Smart Traveller suggest organising the following vaccinations before you visit Guatemala. They include typhoid, hepatitis A, hepatitis B, rabies and influenza. I found Guatemala to be clean and safe, but it’s best to be covered.

If you’re a frequent traveller like me, you might already have had these shots for previous trips. If you’re not sure, the best thing to do is to visit your doctor to check your vaccination history.

Transport and getting around

When travelling longer distances, take a taxi. For example, I paid AU$50 to get a private taxi from Guatemala City (airport) to Antigua. It was around a one-hour drive. But for short five or ten-minute rides in town, we took a tuk-tuk for no more than $5-10.

Man directing a school bus to continue driving

There are a few ways to travel around when you’re there.

What language do they speak in Guatemala?

The local language is Spanish and while you’ll get by just fine speaking English, take this opportunity, and courtesy, to learn a few basic words and phrases.

What travel insurance do you need?

Don’t forget to tell your travel insurance company you’re visiting Guatemala. Check your cover for adventure sports, such as hiking a volcano. I personally use and recommend World Nomads.

Laptop on roof with volcano in background

You’ll probably be hiking up volcanoes, so make sure your insurance covers that.

What’s the currency, and how far will your Australian dollar go?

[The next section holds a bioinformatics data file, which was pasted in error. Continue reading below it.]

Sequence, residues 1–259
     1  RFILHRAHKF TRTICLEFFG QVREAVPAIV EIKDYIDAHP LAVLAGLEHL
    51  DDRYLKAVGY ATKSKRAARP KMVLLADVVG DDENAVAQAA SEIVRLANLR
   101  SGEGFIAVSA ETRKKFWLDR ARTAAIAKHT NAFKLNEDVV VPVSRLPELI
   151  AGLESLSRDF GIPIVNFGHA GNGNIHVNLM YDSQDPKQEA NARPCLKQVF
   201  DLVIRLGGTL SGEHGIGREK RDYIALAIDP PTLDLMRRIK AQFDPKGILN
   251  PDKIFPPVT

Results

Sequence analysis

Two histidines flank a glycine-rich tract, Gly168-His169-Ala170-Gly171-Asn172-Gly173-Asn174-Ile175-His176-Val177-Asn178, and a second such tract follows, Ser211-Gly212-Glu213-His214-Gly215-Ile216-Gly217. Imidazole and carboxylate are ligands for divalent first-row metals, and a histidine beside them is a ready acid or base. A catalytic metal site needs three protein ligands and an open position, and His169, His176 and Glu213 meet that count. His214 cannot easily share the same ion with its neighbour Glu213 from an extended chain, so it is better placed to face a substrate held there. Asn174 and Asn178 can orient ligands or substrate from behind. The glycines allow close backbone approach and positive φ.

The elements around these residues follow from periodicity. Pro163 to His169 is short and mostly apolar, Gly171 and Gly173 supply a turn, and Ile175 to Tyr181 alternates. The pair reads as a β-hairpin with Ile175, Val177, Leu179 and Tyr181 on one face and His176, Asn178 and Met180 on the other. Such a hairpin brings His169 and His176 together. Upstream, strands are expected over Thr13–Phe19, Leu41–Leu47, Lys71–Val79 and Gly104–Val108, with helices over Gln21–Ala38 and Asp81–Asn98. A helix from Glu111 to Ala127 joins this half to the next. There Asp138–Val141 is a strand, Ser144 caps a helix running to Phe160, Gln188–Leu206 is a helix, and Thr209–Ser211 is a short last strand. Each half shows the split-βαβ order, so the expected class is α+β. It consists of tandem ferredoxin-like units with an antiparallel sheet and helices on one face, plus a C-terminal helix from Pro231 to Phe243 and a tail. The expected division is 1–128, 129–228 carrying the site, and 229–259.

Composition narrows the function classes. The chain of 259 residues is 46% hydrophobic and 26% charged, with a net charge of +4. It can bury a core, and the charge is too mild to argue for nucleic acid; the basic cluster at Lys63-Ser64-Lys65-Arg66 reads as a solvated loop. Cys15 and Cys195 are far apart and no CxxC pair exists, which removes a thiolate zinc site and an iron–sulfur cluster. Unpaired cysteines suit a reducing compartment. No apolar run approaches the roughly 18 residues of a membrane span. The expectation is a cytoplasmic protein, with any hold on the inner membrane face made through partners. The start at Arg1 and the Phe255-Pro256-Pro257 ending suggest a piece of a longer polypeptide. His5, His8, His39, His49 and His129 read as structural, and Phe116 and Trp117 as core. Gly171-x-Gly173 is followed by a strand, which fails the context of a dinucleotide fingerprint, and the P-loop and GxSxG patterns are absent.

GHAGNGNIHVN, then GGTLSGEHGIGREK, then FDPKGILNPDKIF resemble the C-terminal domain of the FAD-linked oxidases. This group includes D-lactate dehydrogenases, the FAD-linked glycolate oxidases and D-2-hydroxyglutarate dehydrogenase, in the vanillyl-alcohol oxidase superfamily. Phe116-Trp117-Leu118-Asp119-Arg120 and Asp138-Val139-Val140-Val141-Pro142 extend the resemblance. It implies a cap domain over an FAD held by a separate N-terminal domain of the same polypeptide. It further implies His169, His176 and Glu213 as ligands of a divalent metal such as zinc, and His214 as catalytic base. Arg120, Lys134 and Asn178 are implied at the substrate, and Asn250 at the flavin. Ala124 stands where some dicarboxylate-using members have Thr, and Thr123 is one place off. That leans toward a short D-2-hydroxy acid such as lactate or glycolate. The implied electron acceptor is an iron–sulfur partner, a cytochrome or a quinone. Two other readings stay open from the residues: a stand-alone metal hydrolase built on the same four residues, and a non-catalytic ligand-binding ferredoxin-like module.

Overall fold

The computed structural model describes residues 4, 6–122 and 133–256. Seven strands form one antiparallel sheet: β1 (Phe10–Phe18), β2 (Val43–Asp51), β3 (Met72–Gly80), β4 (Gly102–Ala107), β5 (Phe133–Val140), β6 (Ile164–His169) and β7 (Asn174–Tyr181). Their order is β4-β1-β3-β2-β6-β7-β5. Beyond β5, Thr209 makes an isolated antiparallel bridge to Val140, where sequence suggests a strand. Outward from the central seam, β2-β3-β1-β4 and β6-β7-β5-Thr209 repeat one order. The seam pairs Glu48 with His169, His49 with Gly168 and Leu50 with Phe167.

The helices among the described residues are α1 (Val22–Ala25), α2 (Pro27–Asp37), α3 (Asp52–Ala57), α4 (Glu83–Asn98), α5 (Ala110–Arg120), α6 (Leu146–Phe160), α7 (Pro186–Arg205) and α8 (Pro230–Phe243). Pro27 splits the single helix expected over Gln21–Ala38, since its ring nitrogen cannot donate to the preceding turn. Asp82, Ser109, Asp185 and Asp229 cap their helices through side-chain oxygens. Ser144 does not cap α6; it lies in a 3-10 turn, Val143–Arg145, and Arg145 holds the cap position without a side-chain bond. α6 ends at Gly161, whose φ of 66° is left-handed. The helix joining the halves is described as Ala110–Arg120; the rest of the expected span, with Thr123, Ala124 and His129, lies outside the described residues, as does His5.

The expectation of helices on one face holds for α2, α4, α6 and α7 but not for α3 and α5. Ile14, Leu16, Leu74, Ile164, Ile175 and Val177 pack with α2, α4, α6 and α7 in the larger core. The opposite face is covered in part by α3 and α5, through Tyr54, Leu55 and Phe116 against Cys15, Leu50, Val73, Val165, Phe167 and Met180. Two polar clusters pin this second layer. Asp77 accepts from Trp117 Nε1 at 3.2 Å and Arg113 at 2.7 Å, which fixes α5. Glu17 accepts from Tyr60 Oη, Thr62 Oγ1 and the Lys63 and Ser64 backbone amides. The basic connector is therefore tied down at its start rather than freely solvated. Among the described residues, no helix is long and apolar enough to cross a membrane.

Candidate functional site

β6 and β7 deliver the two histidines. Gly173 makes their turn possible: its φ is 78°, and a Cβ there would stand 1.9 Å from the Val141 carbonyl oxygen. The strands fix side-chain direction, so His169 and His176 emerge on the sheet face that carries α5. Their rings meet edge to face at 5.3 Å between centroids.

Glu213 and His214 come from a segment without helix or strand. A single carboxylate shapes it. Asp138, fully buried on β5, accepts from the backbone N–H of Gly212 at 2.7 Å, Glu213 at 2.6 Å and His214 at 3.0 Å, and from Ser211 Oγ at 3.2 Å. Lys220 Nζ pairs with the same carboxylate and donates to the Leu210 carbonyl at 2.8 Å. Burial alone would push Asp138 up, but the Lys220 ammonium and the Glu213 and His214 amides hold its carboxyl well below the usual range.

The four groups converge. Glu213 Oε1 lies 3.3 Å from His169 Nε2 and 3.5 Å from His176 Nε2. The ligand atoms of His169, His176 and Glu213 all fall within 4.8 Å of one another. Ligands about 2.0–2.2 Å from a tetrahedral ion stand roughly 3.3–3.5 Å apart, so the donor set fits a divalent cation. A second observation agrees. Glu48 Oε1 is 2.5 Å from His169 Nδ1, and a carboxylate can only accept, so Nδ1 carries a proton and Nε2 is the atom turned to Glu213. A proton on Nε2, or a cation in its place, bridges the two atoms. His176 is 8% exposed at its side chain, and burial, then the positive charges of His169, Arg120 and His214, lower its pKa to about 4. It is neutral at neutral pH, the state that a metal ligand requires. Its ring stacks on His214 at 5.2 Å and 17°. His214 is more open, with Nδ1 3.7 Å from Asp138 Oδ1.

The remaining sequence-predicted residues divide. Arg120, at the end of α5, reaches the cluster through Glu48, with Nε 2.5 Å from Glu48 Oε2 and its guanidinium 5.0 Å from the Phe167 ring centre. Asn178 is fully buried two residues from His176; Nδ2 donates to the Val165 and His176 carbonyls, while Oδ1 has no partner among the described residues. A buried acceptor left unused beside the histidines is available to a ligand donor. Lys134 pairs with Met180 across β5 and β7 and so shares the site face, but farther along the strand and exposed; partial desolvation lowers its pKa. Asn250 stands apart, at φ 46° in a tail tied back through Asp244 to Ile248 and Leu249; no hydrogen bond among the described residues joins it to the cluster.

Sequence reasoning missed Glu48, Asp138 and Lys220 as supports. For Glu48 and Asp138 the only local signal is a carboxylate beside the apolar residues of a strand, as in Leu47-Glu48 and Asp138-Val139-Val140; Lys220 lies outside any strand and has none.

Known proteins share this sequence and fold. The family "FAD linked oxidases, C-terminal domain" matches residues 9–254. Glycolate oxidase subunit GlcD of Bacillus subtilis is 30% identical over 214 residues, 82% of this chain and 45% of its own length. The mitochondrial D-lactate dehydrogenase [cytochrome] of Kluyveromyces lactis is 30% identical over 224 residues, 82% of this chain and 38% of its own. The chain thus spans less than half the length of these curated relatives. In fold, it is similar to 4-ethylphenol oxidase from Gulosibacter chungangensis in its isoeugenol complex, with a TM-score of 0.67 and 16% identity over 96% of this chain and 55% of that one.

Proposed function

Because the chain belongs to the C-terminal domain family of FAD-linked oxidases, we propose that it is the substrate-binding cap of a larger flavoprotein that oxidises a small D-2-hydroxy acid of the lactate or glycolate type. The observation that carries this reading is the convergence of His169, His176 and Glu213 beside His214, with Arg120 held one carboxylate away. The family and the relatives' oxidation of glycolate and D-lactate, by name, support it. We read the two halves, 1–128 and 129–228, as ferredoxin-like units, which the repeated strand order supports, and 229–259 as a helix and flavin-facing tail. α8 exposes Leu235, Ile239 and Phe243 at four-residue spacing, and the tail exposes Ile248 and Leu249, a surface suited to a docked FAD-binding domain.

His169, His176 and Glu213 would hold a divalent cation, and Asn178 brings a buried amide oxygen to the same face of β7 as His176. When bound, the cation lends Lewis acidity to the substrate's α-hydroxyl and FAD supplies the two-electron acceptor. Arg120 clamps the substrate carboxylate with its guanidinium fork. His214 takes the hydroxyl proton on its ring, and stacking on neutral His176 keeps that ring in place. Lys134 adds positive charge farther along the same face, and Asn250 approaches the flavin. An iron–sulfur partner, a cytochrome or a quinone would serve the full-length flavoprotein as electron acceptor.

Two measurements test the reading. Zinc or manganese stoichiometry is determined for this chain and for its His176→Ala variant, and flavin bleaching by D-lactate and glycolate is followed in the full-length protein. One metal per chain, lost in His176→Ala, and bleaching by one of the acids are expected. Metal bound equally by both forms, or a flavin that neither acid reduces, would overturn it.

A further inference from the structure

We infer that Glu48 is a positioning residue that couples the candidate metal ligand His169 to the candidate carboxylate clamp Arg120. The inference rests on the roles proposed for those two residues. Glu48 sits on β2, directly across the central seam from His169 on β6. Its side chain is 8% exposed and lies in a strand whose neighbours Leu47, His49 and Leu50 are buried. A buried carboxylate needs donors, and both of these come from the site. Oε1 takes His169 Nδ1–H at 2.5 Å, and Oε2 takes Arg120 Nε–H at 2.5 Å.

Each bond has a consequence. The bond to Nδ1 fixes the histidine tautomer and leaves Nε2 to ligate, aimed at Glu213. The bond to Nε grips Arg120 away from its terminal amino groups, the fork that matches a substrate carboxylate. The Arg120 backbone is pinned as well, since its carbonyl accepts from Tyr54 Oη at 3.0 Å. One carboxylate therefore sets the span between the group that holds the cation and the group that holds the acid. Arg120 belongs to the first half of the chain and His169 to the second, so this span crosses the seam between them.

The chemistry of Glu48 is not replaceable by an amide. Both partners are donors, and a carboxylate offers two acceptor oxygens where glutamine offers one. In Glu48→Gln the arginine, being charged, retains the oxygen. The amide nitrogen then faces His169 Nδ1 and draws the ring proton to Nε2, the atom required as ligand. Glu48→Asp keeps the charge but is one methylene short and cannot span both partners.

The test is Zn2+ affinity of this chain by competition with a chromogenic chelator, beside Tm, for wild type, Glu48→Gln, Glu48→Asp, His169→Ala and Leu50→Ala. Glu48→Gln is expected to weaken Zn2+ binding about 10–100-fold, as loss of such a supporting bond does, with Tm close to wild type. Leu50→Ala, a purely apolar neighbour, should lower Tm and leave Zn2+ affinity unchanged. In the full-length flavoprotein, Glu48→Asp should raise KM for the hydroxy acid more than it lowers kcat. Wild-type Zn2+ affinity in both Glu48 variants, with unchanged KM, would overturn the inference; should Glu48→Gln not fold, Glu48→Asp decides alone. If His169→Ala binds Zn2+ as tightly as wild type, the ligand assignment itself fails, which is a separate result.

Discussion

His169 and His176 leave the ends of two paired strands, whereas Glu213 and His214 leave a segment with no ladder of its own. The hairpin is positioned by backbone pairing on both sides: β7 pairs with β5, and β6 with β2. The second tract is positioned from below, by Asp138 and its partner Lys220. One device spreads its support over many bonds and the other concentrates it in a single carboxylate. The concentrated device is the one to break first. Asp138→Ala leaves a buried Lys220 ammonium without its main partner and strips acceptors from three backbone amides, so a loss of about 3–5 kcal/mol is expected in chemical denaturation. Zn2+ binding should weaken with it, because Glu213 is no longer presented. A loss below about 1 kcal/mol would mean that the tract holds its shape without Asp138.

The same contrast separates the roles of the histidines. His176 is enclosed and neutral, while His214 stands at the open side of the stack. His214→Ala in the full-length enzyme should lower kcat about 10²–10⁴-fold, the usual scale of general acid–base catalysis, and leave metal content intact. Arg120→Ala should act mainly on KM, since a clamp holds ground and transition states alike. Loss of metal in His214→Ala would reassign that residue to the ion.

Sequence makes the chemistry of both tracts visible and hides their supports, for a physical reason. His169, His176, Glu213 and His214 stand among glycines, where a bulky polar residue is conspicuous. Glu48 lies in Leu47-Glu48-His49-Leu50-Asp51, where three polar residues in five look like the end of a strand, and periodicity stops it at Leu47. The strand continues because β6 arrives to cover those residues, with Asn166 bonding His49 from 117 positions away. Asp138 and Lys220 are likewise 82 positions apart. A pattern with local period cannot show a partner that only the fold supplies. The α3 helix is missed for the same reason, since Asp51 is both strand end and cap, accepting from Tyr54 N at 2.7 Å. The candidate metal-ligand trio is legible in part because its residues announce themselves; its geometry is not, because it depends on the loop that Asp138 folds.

As for money, the currency is the Guatemalan Quetzal (GTQ). AU$1 is worth just over 5 GTQ and your money will go far here. We’d wander the charming cobblestone streets of Antigua every morning and spend no more than $6 for a nutritious, organic brunch (including a coffee). Think Bali prices or even a little less.

Cafe sign on a bike

You can get a delicious brunch at a cafe for very little in Antigua. 

When’s the best time of the year to visit?

The best time of the year to visit Guatemala is their dry season – between November and May. But don’t worry if you can only get holidays from April to October. Another one of the delightful things about this country is its year-round spring-like climate.

View of a road and the volcano in Guatemala

The climate is very mild all year round. 

What are the accommodation options in Guatemala?

When it comes to accommodation, Guatemala has a range of options. There’s quaint hotels, adorable guest houses, Airbnb, and of course, hostels.

You can book a whole house for less than $50 a night or stay in a 16th-century colonial mansion for around $200.

My suggestion? Earth Lodge.

view-from-accommodation

There are a variety of places you can stay in, but I suggest Earth Lodge.

Cities to visit – Antigua

Elevate every sense at 6,000 feet up in the mountains above Antigua. Start your day with yoga, followed by a hammock hang gazing out over the avocado farm and, yes… more distant volcanos. Lodge in a treehouse, eat home-cooked meals, brush up on your Spanish and end your day with a Maya sauna. Truly mesmerising is an understatement. Trust me.